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Francis Ngannou says he was more than aware of the dangers posed by Anthony Joshua ahead of their boxing match in Saudi Arabia last week but has admitted to feeling like he was “falling asleep” backstage as he prepared for the two-time heavyweight champion. 

Ngannou has now completed what is likely the most difficult entry into professional boxing in the sport’s storied history by taking on two of the best heavyweight fighters of their generation in his first foray in the ring. While the first fight, a split decision loss to Tyson Fury last October, came close to being what would have been considered the biggest upset even seen in a boxing ring, his second was ruthlessly ended by Joshua, who knocked Ngannou unconscious towards the end of the second round after dropping him on two prior occasions in the brief contest.

In his first longform comments since the fight, ‘The Predator’ has admitted to feeling unusual backstage while warming up for the fight but made no excuses for the manner of his loss.

“We all knew it could happen,” Ngannou said responding questions on Instagram Live on Wednesday. “I wasn’t seeing it happen like that, but I always knew it could happen. At least, I was always prepared for that.”

He added: “I remember being in the locker [room] trying to warm up, and bro, it wasn’t going. I was falling asleep. I’m sweating, but I’m falling asleep.”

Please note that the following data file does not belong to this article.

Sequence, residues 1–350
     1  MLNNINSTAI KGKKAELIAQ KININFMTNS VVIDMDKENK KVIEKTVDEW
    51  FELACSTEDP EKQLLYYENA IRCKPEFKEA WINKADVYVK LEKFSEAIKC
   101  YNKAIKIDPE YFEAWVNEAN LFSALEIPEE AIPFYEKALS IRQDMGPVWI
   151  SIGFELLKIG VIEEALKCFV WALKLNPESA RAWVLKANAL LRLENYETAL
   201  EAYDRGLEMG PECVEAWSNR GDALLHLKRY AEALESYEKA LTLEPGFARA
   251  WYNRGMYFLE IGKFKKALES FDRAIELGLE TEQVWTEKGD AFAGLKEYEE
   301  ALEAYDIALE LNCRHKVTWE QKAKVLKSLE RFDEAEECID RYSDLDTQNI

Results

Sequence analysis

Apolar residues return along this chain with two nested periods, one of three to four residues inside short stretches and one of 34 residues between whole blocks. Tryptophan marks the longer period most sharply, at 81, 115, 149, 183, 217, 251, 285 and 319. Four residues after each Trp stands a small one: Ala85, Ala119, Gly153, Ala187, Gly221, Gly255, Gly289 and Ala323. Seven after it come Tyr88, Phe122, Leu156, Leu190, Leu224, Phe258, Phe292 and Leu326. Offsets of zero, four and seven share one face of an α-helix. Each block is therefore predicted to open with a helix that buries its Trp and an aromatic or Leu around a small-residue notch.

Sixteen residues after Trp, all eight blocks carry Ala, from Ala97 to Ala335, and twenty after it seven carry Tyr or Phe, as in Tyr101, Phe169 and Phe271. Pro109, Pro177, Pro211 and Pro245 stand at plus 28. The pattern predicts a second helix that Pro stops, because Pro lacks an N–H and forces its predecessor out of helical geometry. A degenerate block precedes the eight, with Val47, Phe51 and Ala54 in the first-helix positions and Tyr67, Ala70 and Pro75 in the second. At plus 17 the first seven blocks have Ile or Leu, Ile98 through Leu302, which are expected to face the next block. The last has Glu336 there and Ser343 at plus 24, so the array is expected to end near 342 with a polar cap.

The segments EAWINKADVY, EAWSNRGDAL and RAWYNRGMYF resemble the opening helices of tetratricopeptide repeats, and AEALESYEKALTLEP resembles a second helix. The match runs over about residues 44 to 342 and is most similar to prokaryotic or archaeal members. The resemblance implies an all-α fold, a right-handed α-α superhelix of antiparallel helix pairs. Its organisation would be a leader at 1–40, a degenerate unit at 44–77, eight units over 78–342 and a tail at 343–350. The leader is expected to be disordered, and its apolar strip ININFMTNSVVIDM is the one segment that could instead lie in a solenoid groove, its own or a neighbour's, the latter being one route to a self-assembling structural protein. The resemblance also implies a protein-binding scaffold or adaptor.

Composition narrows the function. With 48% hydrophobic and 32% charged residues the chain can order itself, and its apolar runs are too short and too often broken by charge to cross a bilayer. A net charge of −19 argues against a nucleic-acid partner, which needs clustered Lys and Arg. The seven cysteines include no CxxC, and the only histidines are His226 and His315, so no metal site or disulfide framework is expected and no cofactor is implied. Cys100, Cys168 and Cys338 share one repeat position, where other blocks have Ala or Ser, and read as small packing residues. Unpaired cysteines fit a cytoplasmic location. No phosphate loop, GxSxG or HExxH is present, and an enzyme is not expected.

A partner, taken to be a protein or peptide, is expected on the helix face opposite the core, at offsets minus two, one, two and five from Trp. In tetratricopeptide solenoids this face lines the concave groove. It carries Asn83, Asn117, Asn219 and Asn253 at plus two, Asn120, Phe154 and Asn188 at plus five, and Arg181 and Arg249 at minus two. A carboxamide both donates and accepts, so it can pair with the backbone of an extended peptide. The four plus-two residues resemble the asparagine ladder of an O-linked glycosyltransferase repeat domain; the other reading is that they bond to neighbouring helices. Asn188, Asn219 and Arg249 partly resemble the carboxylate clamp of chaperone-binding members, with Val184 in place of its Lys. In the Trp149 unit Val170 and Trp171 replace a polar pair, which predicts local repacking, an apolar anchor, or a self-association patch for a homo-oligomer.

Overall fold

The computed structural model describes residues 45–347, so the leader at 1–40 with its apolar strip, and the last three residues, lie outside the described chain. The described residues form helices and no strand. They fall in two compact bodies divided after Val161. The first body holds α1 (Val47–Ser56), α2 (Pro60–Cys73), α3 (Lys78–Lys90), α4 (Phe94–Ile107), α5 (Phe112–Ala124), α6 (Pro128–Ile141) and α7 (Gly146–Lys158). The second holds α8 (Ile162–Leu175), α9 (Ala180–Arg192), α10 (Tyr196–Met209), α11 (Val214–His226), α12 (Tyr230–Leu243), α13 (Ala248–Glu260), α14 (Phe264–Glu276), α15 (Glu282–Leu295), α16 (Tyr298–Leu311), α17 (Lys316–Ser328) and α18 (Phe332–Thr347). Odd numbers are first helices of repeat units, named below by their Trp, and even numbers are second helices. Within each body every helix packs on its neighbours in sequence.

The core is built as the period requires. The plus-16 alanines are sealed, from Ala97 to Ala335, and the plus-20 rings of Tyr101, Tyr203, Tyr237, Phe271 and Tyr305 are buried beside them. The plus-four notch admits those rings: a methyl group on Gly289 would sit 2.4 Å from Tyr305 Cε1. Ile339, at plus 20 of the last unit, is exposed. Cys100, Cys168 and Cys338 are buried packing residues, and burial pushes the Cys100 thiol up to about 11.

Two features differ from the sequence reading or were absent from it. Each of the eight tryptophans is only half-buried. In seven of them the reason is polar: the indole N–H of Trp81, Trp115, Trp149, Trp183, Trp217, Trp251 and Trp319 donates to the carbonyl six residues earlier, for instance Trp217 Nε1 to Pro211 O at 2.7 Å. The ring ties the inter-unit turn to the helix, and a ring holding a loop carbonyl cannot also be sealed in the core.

However, the Cameroonian explained that this feeling isn’t rare in combat sports — and he is sure that some of his own past opponents have dealt with similar issues.

“I assume that’s how some people I have fought, some people that I beat have felt before, but it was basically my first time to feel that,” he said. “That’s why I kind of took a couple days out, I took some time for me. I obviously had to reflect on everything that’s happened through the fight.

“Heads up to Anthony Joshua, to his team, that executed their plan properly,” he continued. “Hats off to my team, too, because they did a great job. I think I was the one that just didn’t execute the plan properly and maybe didn’t feel completely present. I was the only one that didn’t show up, let’s say that.

“Everybody showed up and did what should have been done. No blame to anybody. All the blame is just about me. That’s the game.”

But despite the setback in his second professional boxing match, Ngannou says that he is not dispirited.

“It’s part of what we do. We take challenges,” he said. “Sometimes it works, sometimes it doesn’t work. But we are working on it.”